• inviting and coaching non-runners into competitive athletes
  • taking leaps of faith and working across different industries (public news, defense department, oil, healthcare, consumer, etc)
  • supporting the CEO of Kaiser Permanente and defining corporate communication strategy
  • making decisions in short and long time frames
  • "davy gravy" and work under Bush administration
  • vision for the future


  • inspiration
    • long distance mentee, captatain in US army, and competitive runner and triathlete suffered medical condition with unsuccessful surgery
    • seeing her handle situation with calmness and resiliency
  • surprising fact
    • used to play the violin
  • principle
    • treat other people the way you want to be treated
  • closing notes
    • kind words about the podcast and interviews within (thank you David)

17: Following the Filmmaker's Journey with Bao Tran

May 27th, 2019 (66 minutes)
Photographer: Steve Korn

Bao Tran is a professional filmmaker currently raising money for his first feature film, The Paper Tigers, a "Kung Fu indie feature film about three guys who are one kick away from pulling their hamstrings".

Despite knowing that he wanted to do film from watching kung fu movies as a kid, Bao got a degree in computer science as it was the responsible thing to do for someone that is the child of immigrants. This tension between following your dreams and doing what is expected is a theme that is explored both in film and in life for Bao.

Outside of The Paper Tigers, Bao's editing credits include CHO LON, one of Southeast Asia’s highest-budgeted action blockbusters, and JACKPOT, a heartfelt comedy selected as Vietnam’s official entry to the 2016 Oscars for Best Foreign Film.

In today's episode, we talk about kung fu and the action movie genre, we talk about what its like to fundraise for a film, and we talk about telling a good story and what that might mean.


You have a lot of people you might start out with earlier on but they kind of go their separate ways or they go civilian as we say… Its just industry is very tough and its very hard to keep going and continue doing this.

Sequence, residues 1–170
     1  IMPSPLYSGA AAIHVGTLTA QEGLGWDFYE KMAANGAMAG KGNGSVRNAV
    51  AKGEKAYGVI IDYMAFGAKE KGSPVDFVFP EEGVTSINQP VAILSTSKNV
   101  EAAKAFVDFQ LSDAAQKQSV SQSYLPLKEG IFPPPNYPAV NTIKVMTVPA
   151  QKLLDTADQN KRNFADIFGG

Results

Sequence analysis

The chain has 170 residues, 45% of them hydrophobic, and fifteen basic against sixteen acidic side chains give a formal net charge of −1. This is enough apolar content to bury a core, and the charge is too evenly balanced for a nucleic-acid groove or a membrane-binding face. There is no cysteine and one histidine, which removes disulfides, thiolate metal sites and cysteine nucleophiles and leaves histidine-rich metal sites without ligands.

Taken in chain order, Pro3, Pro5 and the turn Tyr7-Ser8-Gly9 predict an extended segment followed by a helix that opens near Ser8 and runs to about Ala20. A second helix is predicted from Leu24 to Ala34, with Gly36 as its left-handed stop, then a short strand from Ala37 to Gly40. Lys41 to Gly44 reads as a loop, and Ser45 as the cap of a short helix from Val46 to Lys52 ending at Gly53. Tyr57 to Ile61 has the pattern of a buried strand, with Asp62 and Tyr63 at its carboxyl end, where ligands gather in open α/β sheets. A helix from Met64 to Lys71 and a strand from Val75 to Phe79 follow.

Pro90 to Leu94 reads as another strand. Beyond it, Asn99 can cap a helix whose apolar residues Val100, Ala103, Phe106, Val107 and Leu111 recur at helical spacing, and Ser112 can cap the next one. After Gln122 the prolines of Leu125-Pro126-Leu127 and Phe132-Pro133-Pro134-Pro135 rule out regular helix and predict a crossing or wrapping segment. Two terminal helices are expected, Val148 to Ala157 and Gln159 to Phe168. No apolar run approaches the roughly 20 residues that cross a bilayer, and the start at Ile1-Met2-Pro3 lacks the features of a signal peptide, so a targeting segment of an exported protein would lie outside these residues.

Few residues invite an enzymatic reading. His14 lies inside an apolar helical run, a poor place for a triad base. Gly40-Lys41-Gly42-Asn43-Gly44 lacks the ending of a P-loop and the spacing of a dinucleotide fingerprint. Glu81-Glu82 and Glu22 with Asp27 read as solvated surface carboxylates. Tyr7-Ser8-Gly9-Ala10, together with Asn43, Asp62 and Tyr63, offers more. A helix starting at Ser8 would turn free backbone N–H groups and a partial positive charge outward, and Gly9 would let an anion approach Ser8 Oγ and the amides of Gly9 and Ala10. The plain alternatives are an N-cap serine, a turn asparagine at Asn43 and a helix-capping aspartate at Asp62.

– Bao Tran


  • how Bao's love of kung fu films let to a career in film
  • pursuing passion vs fulfilling family expectations
  • marketing and sales for people that would rather do anything else
  • Bao's first feature film - The Paper Tigers
  • film fundraising and kickstarter
  • diversity and shooting with a mixed race cast
  • shooting action movies and telling stories


  • inspiration
    • as artist, always looking for the work that goes behind art that looks effortless, really impressed with Beyoncé's homecoming
  • surprising fact
    • have a background that is not just film (eg. computer science degree)
  • principle
    • the golden rule
  • closing notes
    • always looking for people that could support the film and want to help - if that's you, reach out


  • Bao's website:
  • Bao's email:
  • LinkedIn:
  • Socials
    • Twitter: @_thepapertigers
    • Facebook: @ThePaperTigersMovie
    • Instagram: @_thepapertigers

13: Creating Film and Community with Vivian Hua

March 25th, 2019 (59 minutes)

Vivian Hua is the director of the Northwest Film Forum (NWFF) , a non-profit film and arts center dedicated to public dialogue and creative action through collective cinematic experiences. Prior to NWFF, Vivian was Communications Manager for ICANNWiki, a collaborative resource dedicated to simplifying the complex issues, policies, and players in the sphere of internet governance. Vivian was also editor in chief of REDEFINE Magazine, a print and web magazine focused on music and the arts.

Vivian got a BA in sociology focused on Law, Society & Justice. Social justice has been a central theme in Vivian's life and is reflected in the work she pursues. In 2017, Vivian released Searching Skies, a narrative short film about a Syrian refugee family. The film was screened in 50 venues across the US and accompanied by a discussion series where people could meet a Muslim person, sometimes for the first time, and ask questions.